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BDFL - Memuneh
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  Reply # 504543 10-Aug-2011 17:20
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cgrew:
freitasm: That doesn't prove anything, if not that he was a good talker. For years some services have experiemented with things like ESP, drugs, etc. There's alway some "believer" that green lights those projects.


For a good talker he had a lot of (at the time) well known & important people be his proteges, including L. Ron Hubbard - The founder who established the Church of Scientology.

Would you listen to someone that partook in dark rituals & Satanism? Not to mention these people later joined this cult knowing full well what they were getting themselves in to.


I was not worried at all on his "dark rituals" and "satanism". What worries me is the mention of L. Ron Bubbard and Scientology. Now things are getting out of control...





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  Reply # 504547 10-Aug-2011 17:25
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cgrew:Would you listen to someone that partook in dark rituals & Satanism?


I don't think that's any different to a goverment official listening to a Catholic minister or another religious authority, as long as we're talking about rituals, superstition and patent absurd spiritual nonsense.




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  Reply # 504549 10-Aug-2011 17:30
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I'm going to go with the guy with the Sagan avatar on this topic...
The Demon Haunted World pretty much sums up my feelings on extraterrestrials and other things of that nature.

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  Reply # 504552 10-Aug-2011 17:32
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Mooseboy:The Demon Haunted World pretty much sums up my feelings on extraterrestrials and other things of that nature.


It really should be in every school, along with Pale Blue Dot.




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  Reply # 504558 10-Aug-2011 17:38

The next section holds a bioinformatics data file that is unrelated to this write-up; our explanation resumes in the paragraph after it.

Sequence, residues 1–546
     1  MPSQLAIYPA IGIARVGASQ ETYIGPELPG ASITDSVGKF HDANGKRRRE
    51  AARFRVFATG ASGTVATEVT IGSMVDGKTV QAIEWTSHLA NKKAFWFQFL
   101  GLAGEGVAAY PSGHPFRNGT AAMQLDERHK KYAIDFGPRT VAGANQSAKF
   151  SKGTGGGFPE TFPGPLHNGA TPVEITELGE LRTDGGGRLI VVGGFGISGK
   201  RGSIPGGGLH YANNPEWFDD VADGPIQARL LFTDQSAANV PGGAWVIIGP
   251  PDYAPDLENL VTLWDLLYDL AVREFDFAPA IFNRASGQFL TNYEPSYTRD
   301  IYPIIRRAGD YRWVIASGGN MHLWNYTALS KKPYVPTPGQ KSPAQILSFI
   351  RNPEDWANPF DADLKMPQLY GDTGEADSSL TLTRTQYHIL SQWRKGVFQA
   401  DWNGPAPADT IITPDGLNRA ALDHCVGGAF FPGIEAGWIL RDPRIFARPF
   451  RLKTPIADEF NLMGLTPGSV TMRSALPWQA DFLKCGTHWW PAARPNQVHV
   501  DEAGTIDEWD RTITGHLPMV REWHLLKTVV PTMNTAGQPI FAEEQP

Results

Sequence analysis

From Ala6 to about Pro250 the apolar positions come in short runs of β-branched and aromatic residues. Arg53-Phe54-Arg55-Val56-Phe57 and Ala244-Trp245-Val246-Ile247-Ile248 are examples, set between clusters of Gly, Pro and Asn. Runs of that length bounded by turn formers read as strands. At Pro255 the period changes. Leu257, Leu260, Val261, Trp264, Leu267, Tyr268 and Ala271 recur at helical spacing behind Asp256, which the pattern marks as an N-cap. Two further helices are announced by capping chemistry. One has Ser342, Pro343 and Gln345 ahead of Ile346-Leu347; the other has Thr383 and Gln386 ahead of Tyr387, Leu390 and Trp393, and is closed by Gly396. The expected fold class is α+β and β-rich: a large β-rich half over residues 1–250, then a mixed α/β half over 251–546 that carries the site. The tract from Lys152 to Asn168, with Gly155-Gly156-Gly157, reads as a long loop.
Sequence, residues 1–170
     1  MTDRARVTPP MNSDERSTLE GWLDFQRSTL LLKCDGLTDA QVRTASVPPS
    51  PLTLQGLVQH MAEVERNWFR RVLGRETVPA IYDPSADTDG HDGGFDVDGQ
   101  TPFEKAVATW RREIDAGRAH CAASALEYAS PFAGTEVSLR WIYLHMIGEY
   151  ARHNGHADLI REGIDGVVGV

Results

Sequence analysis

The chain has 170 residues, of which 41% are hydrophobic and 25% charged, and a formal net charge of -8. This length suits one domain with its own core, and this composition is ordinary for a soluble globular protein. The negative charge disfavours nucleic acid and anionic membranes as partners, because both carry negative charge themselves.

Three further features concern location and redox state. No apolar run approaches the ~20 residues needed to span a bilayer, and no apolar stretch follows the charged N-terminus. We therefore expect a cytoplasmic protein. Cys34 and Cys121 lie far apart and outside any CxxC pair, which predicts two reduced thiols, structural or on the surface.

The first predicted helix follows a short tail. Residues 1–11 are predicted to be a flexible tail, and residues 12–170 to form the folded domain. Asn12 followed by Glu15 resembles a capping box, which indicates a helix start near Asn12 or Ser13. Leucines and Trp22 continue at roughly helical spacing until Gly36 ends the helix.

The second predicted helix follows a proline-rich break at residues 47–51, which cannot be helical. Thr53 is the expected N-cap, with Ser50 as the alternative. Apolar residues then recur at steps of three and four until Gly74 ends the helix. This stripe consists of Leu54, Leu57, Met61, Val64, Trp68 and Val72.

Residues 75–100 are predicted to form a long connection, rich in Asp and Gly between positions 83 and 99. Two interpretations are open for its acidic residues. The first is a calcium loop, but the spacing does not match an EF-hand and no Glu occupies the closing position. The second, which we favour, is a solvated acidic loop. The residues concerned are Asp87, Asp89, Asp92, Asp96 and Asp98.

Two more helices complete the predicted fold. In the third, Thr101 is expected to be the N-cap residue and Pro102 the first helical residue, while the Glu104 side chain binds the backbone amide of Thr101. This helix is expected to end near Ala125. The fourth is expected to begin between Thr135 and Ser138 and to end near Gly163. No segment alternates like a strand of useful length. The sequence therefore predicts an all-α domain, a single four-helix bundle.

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BurningBeard: I don't think that's any different to a goverment official listening to a Catholic minister or another religious authority, as long as we're talking about rituals, superstition and patent absurd spiritual nonsense.



What about partaking in sex magick & incestuous behaviour? If you are going to exclude the "superstition" out, then yes there is a difference between the two.


Also on the subject of this being "superstitious" not mention patent & absurd, why has there for example, been encounters with entities when using a weegie board?? And that's someone anyone can have access to. The occult and important people that have done & still are playing apart in history believe in the "other side."


Why label it as absurd?  



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  Reply # 504564 10-Aug-2011 17:51
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freitasm: What worries me is the mention of L. Ron Bubbard and Scientology.



He later joined the Ordo Templi Orientis. 

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  Reply # 504565 10-Aug-2011 17:51
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cgrew: What about partaking in sex magick & incestuous behaviour? If you are going to exclude the "superstition" out, then yes there is a difference between the two. 


Like I said earlier, all they used him for was some advice on horoscopes. Hardly scandal of the century.


cgrew:Also on the subject of this being "superstitious" not mention patent & absurd, why has there for example, been encounters with entities when using a weegie board?? And that's someone anyone can have access to. The occult and important people that have done & still are playing apart in history believe in the "other side." . 


The Ouija board first came out as a toy invented by some business men. I suggest you learn more about the ideomotor effect, and the history of fraudulent practitioners who used common magic tricks to freak people out.

Why label it as absurd?  


What, belief in demons, gods and magic?

Because there's no evidence for it, that's why. All the proponents of the paranormal I used to follow have turned out to be either completely full of it, deluded, naive, mentally unwell or mistaken.




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  Reply # 504570 10-Aug-2011 18:04
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BurningBeard: turned out to be either completely full of it, deluded, naive, mentally unwell or mistaken.